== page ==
Forget Crews and Tangos—go see Hedwig


I admit, I basically knew nothing about this show before going into it. But I think that’s part of what makes this show so special—the narrative is full of surprises and tricks. Going into the show with no expectations is what makes it so impressive. 

Hart House Theatre’s Hedwig and the Angry Inch is a rock musical directed by Rebecca Ballarin. The show follows the story of Hedwig, played by James King, throughout her childhood and growth as a genderqueer rock performer. The show starts before the show even starts. As soon as you walk into the theatre, the band is already on stage “preparing” themselves for the show. The audience is buzzing with conversation. It feels like walking into an indie rock concert.

The first half of the show truly does feel like a really good drag show, filled with lively audience interaction. At this point of the show, not much is happening at the surface level. Hedwig is performing some “fun” musical numbers and occasionally teasing the audience with sexual innuendos and references to Toronto.

The plot really emerges during the second half of the show. The audience’s initial impression of the narrative completely flips, becoming something magical. Both Hedwig and Yitzhak (Lauren Mayer), Hedwig’s husband, are wonderfully juicy in terms of emotional fragility and depth. Hedwig’s story of growing up is both haunting and draining because of the obstacles she has faced with abandonment—both in her family life and romantic life. Yitzhak’s story of coping with Hedwig’s abusive behaviour and what he has sacrificed for her brings us moments of comedy while still being heart-wrenching. One can assume that the rehearsal process and the work that we see unfold on stage must have been emotionally exhausting. The actors should really be commended for their commitment to the roles due to these difficulties, as they both knocked their performances out of the park.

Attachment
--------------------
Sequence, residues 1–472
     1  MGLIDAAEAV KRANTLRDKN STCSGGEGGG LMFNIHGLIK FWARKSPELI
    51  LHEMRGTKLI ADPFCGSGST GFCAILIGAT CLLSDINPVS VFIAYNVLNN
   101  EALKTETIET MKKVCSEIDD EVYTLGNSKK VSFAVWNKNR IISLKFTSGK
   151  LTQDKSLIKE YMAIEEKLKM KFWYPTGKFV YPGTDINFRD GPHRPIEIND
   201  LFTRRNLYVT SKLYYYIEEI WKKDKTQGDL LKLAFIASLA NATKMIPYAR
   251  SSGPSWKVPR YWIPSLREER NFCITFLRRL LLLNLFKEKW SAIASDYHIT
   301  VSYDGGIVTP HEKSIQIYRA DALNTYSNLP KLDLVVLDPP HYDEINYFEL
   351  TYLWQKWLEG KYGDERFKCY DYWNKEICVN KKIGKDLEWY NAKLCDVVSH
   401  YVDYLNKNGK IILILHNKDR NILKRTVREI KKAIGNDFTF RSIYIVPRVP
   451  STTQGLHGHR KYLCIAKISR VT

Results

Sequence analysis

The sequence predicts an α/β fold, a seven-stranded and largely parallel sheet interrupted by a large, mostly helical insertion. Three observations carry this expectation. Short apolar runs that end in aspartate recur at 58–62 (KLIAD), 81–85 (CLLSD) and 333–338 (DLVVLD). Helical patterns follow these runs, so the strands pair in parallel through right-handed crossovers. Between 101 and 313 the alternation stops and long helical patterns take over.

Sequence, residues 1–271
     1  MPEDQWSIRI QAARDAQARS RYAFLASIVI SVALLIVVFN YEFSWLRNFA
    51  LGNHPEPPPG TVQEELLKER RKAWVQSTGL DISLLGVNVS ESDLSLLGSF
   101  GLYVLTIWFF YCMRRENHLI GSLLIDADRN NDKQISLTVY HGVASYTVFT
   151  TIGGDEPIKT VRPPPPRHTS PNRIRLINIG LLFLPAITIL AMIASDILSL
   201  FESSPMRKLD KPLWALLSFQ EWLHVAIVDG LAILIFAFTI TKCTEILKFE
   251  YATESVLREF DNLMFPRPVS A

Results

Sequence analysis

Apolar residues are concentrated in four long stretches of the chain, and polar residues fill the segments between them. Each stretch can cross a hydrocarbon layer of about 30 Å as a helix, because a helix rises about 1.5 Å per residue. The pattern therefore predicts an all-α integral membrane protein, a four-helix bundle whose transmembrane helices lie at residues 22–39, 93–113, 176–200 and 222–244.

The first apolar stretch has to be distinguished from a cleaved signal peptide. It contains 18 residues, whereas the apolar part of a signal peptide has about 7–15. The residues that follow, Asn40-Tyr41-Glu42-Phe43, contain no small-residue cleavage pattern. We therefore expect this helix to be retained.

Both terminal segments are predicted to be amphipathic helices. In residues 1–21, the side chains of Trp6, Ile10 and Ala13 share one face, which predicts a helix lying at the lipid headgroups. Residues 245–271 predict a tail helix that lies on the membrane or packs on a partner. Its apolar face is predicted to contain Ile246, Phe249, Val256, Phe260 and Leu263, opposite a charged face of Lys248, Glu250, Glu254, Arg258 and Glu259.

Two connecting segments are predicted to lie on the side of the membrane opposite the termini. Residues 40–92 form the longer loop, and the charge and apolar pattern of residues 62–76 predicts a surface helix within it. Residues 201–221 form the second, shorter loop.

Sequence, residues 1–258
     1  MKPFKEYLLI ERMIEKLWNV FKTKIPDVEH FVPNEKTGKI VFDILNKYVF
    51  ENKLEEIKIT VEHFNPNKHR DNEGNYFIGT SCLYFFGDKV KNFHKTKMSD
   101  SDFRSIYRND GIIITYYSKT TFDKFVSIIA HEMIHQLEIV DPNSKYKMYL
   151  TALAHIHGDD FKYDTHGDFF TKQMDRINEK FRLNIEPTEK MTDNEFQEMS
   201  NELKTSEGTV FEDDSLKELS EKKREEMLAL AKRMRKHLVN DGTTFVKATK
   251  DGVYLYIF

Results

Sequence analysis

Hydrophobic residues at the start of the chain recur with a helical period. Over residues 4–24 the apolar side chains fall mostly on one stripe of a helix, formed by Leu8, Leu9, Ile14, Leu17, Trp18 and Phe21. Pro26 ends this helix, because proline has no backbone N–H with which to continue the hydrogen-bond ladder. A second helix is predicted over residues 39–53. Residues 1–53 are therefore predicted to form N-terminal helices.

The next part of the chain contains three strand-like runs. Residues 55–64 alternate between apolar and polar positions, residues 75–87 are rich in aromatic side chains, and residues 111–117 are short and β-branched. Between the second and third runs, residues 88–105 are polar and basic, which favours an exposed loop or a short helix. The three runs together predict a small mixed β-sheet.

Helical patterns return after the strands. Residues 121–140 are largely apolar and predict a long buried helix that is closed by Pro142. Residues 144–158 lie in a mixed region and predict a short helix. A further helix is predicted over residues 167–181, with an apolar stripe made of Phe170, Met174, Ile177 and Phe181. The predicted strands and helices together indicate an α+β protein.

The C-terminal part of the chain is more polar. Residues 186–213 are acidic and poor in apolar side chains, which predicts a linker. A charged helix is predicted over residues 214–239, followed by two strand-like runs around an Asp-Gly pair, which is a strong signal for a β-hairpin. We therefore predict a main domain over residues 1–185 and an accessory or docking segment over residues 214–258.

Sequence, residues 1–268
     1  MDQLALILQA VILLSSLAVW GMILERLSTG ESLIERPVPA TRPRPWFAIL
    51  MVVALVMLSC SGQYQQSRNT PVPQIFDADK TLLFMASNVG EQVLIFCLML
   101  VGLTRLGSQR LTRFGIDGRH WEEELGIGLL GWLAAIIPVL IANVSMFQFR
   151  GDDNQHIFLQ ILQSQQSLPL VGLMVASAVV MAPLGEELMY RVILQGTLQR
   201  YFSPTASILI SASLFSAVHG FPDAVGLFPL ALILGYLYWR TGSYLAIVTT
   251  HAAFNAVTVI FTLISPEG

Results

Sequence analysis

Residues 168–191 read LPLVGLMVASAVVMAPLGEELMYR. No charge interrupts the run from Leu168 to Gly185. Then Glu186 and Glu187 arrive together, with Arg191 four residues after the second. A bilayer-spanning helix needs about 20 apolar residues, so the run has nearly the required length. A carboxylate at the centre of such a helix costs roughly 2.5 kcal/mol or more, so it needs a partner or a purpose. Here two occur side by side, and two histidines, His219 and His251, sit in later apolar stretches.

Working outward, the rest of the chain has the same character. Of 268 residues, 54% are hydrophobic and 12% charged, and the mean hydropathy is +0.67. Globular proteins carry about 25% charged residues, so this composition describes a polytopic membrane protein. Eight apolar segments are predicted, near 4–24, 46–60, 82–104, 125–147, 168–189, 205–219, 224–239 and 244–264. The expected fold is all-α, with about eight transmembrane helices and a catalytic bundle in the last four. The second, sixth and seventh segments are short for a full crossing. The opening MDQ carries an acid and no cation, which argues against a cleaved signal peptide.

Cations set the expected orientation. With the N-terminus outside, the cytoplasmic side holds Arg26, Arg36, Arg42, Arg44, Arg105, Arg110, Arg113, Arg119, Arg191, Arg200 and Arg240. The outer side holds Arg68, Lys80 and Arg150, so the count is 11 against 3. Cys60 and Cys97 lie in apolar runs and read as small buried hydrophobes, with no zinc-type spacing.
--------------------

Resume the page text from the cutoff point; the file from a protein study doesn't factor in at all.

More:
This show is very loud and yet the most powerful moments for me are the moments of silence. The stillness that exploded on stage during Hedwig’s biggest emotional meltdown was a clear highlight of this production—in these moments, the entire room fell silent with the show. In theatre, you often hear people say “embrace the silence,” and it was so electrifying to watch two actors fully master that on stage. 

Another aspect of this show that sets it apart is the intimacy. The show feeds on an intimate feeling— both the performers and Ballarin do an exceptional job at achieving this. There is a door on stage right that the characters open throughout the show, introducing a threat both to the insularity of the show and the psychological safety of Hedwig. This really brings the audience closer to Hedwig as we are all trapped inside Hart House listening to Hedwig’s life while feeling disconnected from the outside world that is beyond that door. 

Hedwig and the Angry Inch is perfect for anyone that loves powerful theatre. If viewers come to this production expecting a traditional, fun musical, they will be happily mistaken. This show is much more than a drag show or a basic musical and will absolutely satisfy your need for Crews and Tangos, leaving you with a taste of real humanity.